Fake, fact and fantasy: childrens interpretations of television reality.

By: Davies, Maire Messenger.
Material type: materialTypeLabelBookPublisher: 1997; Lawrence Erlbaum Ass. ISBN: 0805820477.Subject(s): CommunicationDDC classification: 302.23DAV
Item type Current location Collection Call number Status Date due Barcode Item holds
Standard Loan Book Standard Loan Book AUB Library
Book 302.23 DAV (Browse shelf) Available 026655
Total holds: 0

Enhanced descriptions from Syndetics:

Based on a study examining the meaning of the term "media literacy" in children, this volume concentrates on audiovisual narratives of television and film and their effects. It closely examines children's concepts of real and unreal and how they learn to make distinctions between the two. It also explores the idea that children are protected from the harmful effects of violence on television by the knowledge that what they see is not real.<br> <br> This volume is unique in its use of children's own words to explore their awareness of the submerged conventions of television genres, of their functions and effects, of their relationship to the real world, and of how this awareness varies with age and other factors. Based on detailed questionnaire data and conversations with 6 to 11-year-old children, carried out with the support of a fellowship at the Annenberg School for Communication, University of Pennsylvania, the book eloquently demonstrates how children use their knowledge of real life, of literature, and of art, in intelligently evaluating the relationship between television's formats, and the real world in which they live.<br>

Table of contents provided by Syndetics

  • Lea's Communication Series (p. ii)
  • Preface (p. ix)
  • 1 The Mediated World: The Uses of Media Literacy (p. 1)
  • 2 The Real World -- and the Real Child (p. 8)
  • 3 Reality Perception on Tv (p. 21)
  • 4 Formal Features, Literature, Art, and Education (p. 35)
  • 5 The Sample and the Study (p. 48)
  • 6 The Interview Methodology: Recognizing the Not Real (p. 67)
  • 7 A Show for Little Kids": Sesame Street" (p. 82)
  • 8 Everyone is Talking About Ross Perot": Real News for Kids" (p. 93)
  • 9 A Comedy Fiction Type of Thing": The Cosby Show" (p. 101)
  • 10 It's Supposed to Be a Fairytale": The Sand Fairy" (p. 110)
  • 11 Modality: Conversations About the Relationship of Art to Life (p. 124)
  • 12 Charming Our Leisure": Why Media Matter" (p. 139)
  • References (p. 151)
  • Appendix A Questionnaire for First and Second Graders (p. 155)
  • Appendix B Questionnaire for Third, Fourth, and Fifth Graders (p. 177)
  • Appendix C Sample Interview Transcript, First Grade Boy (p. 183)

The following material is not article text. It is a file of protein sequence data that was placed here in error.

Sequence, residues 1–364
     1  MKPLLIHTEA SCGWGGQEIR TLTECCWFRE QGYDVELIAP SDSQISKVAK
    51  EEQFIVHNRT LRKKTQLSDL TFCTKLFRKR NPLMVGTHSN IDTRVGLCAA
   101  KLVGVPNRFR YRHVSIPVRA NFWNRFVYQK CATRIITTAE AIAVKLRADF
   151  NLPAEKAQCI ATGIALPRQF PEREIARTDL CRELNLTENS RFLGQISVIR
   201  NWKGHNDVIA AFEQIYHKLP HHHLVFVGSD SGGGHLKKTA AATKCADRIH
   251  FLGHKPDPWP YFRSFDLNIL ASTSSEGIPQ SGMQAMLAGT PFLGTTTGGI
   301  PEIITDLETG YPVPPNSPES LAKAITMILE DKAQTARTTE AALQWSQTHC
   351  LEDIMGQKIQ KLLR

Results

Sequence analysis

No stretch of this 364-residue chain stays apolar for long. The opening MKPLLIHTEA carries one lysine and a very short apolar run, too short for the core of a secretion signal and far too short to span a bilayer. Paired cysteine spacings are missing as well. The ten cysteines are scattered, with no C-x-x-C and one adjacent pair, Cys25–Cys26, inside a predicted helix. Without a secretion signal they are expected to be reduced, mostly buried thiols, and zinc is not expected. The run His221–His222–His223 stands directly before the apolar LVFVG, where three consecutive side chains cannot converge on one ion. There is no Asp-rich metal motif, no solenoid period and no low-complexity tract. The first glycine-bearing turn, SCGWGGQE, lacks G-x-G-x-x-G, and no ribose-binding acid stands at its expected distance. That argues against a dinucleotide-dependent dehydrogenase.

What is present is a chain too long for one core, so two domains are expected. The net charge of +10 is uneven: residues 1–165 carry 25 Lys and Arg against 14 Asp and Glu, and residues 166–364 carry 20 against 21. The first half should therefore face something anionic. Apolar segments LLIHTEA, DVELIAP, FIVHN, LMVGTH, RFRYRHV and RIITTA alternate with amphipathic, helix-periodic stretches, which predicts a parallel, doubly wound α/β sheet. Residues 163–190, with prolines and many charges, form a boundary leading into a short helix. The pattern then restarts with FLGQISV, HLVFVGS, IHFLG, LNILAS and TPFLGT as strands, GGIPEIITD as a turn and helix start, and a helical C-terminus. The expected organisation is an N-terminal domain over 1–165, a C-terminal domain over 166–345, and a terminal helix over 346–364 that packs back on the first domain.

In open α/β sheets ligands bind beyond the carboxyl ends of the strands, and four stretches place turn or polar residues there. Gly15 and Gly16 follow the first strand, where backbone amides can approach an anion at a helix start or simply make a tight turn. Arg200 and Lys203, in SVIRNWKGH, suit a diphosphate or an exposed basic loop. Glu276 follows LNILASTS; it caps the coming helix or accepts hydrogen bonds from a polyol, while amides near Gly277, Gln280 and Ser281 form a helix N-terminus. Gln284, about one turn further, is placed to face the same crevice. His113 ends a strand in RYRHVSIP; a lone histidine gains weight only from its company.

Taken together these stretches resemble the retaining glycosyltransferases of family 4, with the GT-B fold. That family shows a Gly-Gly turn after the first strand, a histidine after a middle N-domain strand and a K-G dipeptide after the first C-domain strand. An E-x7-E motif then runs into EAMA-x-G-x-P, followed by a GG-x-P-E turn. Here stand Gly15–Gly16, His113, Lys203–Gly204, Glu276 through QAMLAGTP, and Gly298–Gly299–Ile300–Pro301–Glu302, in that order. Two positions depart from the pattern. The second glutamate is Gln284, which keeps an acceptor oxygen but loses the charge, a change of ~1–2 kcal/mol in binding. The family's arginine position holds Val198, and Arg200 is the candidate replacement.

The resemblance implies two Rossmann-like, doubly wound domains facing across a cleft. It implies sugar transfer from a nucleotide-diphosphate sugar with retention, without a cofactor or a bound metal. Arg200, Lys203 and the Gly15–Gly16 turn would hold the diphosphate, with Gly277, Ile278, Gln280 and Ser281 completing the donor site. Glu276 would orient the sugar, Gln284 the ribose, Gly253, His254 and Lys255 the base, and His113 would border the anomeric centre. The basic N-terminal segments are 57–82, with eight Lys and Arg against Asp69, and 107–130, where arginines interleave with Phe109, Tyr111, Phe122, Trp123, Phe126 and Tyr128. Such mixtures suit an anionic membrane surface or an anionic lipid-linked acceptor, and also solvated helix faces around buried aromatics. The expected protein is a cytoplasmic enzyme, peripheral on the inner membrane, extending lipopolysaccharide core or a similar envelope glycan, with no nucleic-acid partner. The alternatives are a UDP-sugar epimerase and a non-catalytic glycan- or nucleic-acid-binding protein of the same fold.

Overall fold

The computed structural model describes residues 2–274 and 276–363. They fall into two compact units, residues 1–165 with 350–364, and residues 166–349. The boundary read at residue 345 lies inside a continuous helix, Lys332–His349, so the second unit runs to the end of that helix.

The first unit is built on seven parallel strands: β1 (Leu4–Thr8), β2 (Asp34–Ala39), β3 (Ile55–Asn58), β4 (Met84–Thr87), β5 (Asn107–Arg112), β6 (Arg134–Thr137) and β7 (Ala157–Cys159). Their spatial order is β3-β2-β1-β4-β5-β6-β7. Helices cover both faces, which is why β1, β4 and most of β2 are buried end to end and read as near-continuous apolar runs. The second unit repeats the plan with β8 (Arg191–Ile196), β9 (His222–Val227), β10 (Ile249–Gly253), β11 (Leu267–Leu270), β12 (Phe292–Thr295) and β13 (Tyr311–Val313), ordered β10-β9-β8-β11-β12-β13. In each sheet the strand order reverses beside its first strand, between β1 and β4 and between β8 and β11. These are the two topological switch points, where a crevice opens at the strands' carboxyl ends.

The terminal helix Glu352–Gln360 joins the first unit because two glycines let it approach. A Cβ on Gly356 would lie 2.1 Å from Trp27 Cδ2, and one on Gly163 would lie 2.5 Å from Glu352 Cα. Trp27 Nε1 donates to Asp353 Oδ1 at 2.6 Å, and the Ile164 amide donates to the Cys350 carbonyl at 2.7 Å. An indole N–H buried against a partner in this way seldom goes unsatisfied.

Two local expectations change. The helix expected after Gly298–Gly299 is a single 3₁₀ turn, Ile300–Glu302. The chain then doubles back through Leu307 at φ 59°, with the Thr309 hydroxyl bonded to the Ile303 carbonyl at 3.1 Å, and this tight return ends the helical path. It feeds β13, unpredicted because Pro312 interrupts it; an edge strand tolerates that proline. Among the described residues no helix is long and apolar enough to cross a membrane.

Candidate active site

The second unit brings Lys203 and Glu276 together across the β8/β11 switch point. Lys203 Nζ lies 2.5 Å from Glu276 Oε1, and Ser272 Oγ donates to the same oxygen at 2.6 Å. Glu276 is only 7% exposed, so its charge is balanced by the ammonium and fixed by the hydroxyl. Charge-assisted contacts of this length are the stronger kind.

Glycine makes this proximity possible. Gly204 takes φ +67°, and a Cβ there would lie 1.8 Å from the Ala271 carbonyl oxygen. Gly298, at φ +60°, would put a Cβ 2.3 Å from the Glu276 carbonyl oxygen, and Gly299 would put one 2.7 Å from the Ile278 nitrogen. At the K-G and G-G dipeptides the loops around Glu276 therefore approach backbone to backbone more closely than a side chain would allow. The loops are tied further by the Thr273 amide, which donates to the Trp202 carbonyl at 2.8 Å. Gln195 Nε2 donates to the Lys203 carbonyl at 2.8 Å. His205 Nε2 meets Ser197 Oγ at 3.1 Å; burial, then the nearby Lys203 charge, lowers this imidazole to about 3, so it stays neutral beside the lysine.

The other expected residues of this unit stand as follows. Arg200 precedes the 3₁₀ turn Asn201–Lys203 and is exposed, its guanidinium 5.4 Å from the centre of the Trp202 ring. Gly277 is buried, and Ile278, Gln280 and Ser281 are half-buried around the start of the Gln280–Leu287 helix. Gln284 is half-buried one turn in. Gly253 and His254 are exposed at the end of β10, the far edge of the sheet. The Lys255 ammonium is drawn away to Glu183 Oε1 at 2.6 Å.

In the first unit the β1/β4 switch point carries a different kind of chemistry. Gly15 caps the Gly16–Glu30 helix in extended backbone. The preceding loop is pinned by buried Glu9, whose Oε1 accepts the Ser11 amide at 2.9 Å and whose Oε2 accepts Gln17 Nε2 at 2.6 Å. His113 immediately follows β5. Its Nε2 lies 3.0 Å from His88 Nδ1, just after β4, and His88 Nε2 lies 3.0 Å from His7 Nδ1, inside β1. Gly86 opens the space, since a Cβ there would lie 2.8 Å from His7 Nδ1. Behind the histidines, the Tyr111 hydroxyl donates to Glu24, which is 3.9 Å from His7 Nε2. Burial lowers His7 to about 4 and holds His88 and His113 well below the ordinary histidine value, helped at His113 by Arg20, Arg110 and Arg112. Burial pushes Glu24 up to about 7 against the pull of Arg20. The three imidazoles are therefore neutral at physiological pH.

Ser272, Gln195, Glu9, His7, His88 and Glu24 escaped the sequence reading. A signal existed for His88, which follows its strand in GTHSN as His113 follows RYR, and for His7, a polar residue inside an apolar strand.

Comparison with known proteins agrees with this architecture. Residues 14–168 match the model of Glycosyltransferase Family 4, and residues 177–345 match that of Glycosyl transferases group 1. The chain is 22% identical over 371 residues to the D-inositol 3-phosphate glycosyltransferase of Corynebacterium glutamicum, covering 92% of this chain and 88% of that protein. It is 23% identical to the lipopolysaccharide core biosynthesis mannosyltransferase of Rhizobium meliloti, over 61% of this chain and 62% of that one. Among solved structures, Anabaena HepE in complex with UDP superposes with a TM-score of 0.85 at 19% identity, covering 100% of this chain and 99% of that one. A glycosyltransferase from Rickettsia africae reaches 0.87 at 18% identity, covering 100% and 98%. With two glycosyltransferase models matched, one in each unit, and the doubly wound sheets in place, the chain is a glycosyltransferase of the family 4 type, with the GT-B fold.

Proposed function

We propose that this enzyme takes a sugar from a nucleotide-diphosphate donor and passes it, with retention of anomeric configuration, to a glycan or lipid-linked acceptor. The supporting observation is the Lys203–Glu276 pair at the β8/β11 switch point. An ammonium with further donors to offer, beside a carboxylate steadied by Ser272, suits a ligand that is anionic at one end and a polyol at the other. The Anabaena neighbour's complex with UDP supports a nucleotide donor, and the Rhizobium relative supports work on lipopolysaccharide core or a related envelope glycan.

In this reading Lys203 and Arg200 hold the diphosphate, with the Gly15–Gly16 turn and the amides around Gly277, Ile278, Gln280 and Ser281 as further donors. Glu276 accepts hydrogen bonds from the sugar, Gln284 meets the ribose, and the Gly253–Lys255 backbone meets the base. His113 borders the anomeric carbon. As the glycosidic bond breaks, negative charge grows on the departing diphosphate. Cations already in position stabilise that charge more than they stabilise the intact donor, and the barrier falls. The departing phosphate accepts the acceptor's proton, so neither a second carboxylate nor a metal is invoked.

• Appendix D Sample Interview Transcript, First Grade Girl (p. 191)
  • Appendix E Sample Interview Transcript, Third Grade Boy (p. 199)
  • Appendix F Sample Interview Transcript, Fourth Grade Girl (p. 207)
  • Appendix G Sample Interview Transcript, Fifth Grade Boy (p. 217)
  • Appendix H Interview Schedule (p. 229)
  • Author Index (p. 231)
  • Subject Index (p. 235)

Reviews provided by Syndetics


Much current critical writing in media studies finds the relationship children have with television to be problematic, particularly with regard to the deleterious effects of televised portrayals of violence and mindless consumption. Davies (a self-styled "cultural optimist" from the London College of Printing) attempts to rebut this negative view and the critical-viewing-skills curricula it has spawned. This rebuttal is woven into Davies's account of a 1993 survey/interview study she conducted (as a research fellow at Univ. of Pennsylvania) on a group of 82 middle-class Philadelphia schoolchildren, ages 6-11. The purpose of the study was to investigate the interplay of televisual cues and individual real-world experience in the child's construction of meaning, and Davies provides a cogent explanation of the theoretical underpinnings from cognitive psychology and semiotics along with a detailed and engaging presentation of the experiment's design, methodology, and findings. However, along the way she jousts with straw men, creates some fuzzy categorical constructs, misreads some of her own evidence, and cheerfully ignores a universe of popular-culture scholarship. But the writing is lucid, and Davies celebrates the pleasures and value of viewing and emphasizes the importance of respecting the child as critic. Recommended for collections in media studies, upper-level undergraduate and above. T. Gleeson; Neumann College